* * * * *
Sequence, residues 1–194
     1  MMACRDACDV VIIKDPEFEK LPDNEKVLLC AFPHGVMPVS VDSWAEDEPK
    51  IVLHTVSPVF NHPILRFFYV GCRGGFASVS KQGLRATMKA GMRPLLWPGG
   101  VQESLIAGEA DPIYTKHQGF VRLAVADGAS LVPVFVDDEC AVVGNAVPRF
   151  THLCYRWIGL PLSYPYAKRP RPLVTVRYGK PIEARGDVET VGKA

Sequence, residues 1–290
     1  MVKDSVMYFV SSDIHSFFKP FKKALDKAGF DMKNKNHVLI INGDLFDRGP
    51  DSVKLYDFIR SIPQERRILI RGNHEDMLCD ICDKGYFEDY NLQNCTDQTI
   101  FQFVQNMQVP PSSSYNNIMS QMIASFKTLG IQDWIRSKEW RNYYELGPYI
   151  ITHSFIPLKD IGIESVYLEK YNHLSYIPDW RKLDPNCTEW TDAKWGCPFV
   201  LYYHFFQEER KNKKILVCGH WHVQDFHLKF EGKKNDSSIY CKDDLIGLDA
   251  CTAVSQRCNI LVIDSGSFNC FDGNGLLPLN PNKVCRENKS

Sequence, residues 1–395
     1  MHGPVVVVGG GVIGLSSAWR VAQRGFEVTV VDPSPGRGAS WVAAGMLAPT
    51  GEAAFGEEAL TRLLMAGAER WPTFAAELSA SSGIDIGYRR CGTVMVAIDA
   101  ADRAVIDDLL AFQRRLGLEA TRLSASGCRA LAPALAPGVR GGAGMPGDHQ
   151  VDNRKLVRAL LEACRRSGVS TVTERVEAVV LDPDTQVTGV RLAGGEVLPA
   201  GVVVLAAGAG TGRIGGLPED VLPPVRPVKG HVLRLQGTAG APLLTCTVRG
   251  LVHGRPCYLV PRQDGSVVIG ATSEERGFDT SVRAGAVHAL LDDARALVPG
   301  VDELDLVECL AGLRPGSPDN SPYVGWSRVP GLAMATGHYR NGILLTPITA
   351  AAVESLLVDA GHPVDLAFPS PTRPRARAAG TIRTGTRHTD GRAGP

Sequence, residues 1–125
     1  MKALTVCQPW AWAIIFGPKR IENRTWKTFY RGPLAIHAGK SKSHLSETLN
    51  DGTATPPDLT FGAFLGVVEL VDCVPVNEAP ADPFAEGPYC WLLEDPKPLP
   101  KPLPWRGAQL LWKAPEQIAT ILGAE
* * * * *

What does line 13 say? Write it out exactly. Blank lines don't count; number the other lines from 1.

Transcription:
Sequence, residues 1–395